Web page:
To quickly summarize Dr. Jung's talk will do it a bit of injustice, but I'll try to hit on the more salient points. Dr. Jung discussed studies that he has conducted of creativity functions in the brain. He began his talk addressing several myths that people commonly have about creativity. The first is that you have to be a frickin' (pretty certain that's the word he chose) genius to be creative. The second is that there is a link between creativity and madness. The last myth was that creativity is limited to right brain functions. This last point greatly pertains to Dr. Jung's clinical research and the differences in white matter versus grey matter functioning in the brain. Grey matter pertains to glial functions and white matter the interconnectedness of the two lobes (through channels of water that function similarly to straws). Dr. Jung showed a beautiful computer generated model of the white matter networks of his own brain. Lastly, Dr. Jung talked about his five 'P's for creativity: prepare, practice, play, produce, persevere. I agree with Dr. Jung's prediction that perseverance is the pivotal factor of the five 'P's.
A few other quick notes that I found interesting throughout the discussion. Dr. Jung's defined creativity as the production of something novel and useful in a social context. It's interesting to me that creativity should be defined by an outside source. It makes me wonder who is more creative in that definition the person doing something novel, or the society that recognizes his/her novel ideas. There's a fine balance between the two. Another point that a lot of people seemed interested in as well is the fact that studies have shown that creative people are more likely to tell social/white lies. Couldn't help but think of my graduate program and all of the gossip/rumors/drama--wondered if there was a link there. Lastly, Dr. Jung mentioned the New Yorker article about group brainstorming. I went online and read this article and found it fascinating to think about how groups can maximize their own creative potential. (I'll bring this article up in discussion).
I'm curious if Dr. Jung would ever do a study on MacArthur awardees--I think this particular group might be interesting to study based on his definition of creativity. Do their brains actually function with a higher level of white matter?
I'd also be curious to see a study of creativity in 'artistic' brains versus 'scientific' brains for individuals who are thought to be creative in their respective fields. I wonder if the connections happen in different ways and different locations--would the connections still be tied on some level to the notion of right brain vs. left brain? or would they be far more similar? Can we see the connections of people's personal tastes/interests with the structure of their brain? I also wonder how different the brain scans would look between the moment of conceptualizing a project versus the actual creation of the project/work of art--perhaps it wouldn't be any different, though I somehow picture a scan as having greater white matter activity during the physical creation mode.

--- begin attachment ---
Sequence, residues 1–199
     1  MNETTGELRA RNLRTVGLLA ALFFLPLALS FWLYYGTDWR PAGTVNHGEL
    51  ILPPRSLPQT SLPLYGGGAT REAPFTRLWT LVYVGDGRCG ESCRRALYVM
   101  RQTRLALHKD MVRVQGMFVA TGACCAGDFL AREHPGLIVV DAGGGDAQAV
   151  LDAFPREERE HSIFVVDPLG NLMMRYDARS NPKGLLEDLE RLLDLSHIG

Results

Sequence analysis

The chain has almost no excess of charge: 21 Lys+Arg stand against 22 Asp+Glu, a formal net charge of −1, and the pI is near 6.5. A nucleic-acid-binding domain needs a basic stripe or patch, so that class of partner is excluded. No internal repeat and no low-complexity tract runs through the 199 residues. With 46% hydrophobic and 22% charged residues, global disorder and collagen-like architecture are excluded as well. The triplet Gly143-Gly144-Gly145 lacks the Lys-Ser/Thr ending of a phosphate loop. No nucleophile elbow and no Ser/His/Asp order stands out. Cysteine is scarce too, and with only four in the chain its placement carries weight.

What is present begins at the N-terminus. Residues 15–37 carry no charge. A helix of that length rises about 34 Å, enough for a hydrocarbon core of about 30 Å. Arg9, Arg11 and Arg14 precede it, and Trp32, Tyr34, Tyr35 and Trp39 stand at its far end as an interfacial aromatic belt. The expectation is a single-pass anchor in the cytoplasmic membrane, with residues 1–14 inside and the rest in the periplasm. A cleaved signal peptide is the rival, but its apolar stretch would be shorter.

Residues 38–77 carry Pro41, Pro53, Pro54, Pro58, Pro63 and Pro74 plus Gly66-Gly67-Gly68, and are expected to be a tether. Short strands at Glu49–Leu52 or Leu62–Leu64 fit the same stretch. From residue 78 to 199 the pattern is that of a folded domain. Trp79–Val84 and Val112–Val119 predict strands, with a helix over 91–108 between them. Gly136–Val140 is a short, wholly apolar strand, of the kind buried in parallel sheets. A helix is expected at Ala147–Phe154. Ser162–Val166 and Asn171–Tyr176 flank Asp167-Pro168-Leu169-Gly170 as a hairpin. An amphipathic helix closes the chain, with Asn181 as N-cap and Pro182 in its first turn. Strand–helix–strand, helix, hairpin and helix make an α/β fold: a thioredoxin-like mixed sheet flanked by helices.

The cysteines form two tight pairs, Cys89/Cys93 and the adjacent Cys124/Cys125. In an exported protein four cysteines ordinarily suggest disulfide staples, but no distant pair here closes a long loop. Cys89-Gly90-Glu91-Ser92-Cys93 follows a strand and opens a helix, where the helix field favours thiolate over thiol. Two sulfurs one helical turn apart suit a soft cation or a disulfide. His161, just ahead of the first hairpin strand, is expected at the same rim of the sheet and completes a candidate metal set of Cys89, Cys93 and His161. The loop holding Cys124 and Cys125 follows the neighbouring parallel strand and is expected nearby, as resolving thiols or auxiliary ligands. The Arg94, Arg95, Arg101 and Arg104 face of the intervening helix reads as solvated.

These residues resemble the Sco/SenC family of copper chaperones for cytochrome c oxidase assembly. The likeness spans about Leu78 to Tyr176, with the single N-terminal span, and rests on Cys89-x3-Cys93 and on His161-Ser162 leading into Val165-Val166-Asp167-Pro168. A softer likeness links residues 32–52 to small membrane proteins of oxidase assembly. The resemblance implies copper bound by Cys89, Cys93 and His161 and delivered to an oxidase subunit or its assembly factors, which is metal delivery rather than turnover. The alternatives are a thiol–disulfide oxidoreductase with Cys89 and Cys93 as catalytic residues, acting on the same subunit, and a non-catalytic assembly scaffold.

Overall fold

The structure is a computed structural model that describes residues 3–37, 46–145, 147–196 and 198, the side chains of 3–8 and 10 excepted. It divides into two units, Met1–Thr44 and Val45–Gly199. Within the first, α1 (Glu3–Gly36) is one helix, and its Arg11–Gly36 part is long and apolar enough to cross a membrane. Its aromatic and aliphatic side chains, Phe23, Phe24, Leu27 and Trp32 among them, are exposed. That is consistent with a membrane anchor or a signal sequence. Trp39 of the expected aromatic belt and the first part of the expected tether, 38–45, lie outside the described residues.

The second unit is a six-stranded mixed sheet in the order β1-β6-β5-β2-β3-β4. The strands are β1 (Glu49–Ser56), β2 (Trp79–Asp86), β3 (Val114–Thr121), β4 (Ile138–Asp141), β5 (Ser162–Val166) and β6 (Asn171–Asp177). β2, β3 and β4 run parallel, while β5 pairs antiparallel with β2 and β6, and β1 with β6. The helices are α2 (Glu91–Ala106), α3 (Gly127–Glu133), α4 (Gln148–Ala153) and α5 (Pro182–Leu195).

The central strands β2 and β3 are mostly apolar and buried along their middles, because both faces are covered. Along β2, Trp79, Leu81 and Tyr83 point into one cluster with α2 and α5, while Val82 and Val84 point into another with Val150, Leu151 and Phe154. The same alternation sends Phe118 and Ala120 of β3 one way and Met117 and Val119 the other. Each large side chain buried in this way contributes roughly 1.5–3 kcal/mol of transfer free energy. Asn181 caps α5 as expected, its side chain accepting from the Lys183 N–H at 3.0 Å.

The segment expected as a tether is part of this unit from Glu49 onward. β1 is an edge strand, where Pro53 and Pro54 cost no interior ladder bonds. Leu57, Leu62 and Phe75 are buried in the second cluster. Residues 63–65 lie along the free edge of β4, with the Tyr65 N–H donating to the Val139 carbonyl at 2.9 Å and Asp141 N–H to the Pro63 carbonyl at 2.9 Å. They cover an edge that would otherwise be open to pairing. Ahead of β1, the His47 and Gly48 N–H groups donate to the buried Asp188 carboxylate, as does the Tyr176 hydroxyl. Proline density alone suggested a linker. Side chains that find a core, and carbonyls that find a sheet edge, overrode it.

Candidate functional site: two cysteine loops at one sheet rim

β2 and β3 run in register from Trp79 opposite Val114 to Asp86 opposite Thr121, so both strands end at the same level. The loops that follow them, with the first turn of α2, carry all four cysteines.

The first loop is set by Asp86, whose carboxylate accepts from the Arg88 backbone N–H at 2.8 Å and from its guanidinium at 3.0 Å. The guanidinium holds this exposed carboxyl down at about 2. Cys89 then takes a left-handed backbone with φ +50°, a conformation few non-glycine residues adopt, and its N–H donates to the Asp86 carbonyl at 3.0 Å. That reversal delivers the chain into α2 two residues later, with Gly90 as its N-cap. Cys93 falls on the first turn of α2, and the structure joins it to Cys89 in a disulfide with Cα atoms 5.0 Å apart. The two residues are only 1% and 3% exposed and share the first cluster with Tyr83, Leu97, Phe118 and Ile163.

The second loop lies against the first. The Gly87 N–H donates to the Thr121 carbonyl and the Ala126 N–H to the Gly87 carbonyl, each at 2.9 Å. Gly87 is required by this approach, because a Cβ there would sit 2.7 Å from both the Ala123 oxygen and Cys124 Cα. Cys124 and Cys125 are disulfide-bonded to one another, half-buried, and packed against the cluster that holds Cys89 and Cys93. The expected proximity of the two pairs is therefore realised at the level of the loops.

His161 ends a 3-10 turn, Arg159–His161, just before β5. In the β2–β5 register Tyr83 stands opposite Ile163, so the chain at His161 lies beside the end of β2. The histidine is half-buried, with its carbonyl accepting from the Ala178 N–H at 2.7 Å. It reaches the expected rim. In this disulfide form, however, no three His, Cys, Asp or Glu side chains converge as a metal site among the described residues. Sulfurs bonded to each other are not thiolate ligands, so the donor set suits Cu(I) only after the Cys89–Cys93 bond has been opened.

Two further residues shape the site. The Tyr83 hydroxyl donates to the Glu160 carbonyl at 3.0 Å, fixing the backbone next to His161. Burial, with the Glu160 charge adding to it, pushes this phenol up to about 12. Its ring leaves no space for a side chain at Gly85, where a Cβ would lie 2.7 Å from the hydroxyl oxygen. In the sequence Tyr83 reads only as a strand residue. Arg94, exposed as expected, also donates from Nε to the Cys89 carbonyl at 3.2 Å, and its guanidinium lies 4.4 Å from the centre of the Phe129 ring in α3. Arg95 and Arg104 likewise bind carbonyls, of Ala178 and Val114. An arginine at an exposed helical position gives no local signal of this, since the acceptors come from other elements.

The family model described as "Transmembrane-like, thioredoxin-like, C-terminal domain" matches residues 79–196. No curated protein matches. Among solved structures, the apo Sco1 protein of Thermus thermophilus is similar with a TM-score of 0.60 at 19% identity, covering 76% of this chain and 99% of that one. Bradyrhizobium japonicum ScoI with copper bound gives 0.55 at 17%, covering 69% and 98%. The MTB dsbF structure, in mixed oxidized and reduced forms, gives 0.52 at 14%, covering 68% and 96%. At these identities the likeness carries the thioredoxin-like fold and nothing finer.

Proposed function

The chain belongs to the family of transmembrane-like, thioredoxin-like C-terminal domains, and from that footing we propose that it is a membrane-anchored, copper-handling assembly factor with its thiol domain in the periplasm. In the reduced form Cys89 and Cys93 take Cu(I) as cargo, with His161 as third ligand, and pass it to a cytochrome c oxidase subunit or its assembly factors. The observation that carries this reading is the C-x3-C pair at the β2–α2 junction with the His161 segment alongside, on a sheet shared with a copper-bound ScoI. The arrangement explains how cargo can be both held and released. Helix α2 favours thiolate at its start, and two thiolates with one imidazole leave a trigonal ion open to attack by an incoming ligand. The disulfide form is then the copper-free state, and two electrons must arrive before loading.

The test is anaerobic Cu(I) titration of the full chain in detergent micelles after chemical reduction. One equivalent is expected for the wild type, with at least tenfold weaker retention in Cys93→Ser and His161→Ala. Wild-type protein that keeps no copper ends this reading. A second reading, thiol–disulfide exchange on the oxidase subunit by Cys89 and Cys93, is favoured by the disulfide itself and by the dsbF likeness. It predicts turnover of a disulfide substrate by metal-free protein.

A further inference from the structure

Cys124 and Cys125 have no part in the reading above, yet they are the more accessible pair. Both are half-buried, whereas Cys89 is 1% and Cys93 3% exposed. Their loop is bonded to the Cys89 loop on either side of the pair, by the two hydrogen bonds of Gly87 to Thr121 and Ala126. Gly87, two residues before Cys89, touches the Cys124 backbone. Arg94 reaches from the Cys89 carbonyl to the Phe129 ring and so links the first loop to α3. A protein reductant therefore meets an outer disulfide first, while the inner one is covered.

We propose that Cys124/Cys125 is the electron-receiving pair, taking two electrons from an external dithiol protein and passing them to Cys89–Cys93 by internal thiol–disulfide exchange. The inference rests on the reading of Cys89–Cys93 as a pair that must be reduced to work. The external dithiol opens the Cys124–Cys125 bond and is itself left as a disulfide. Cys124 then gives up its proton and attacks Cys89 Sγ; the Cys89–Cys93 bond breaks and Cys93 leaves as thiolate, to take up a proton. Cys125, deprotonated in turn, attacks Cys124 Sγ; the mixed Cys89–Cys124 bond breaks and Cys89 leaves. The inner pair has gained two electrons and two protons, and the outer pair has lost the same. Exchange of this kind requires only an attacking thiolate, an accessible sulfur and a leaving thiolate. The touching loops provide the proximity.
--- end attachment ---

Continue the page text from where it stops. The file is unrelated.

I'm also curious if frontal lobe activity negates white matter connectivity, or if the absence of frontal lobe activity requires that the white matter work overtime. How does the frontal lobe regulate/control the white matter activity? Is there a way to exercise one's white matter connections the way various parts of the brain can be exercised? Would it be possible to learn how to naturally reach a state in which the frontal lobe activity is decreased so that white matter connectivity could be heightened? Dr. Jung mentioned meditation--would this really work? I wonder if there is a way to develop these exercises once the connection is better understood.
On a Raidolab podcast, I once heard about how memory is actually just pathways in the brain. Dr. Jung was talking about the white matter pathways/straws, but I wonder if that indicates that our brain follows certain chemical pathways during creativity--would it be possible to trick our brain to create new pathways? or is it a genetic pool--what we get is what we have--kind of deal? I keep imagining these straws as boxes and potentially ruts--maybe I'm picturing this incorrectly, but I would imagine that would limit our creative potential.
One major growth for me in undergrad occurred during my basic drawing course. Drawing, I learned, is far less about creating a record on paper, but rather forcing oneself to see differently--I wonder if that sort of change would be apparent in a scan (comparing pre- and post- drawing course brains). It somehow feels like a great exercise in creativity, especially since most people claim they can't draw. Would this merely be an acquisition of knowledge, or would it be a more developed pathway in the brain?
A question that I didn't ask during Dr. Jung's lecture, but am still curious about is how he became involved in Lupus studies. Lupus runs in my family, and I've always understood it as an autoimmune disorder--is it somehow linked to the brain?
I had an art prof in undergrad who used to talk to us about the materials we chose to use. Each student was drawn to certain notebooks/sketchbooks and certain pens or markers or colors. He always compared our desire to use certain materials as our internal love poem to them--I keep thinking about this with my manifesto and I feel like I've become increasingly curious about what things people find amazingly/inexplicably cool. I'd be curious to hear what it was about the brain that first drew Dr. Jung to study it--I have some guesses based on the lecture.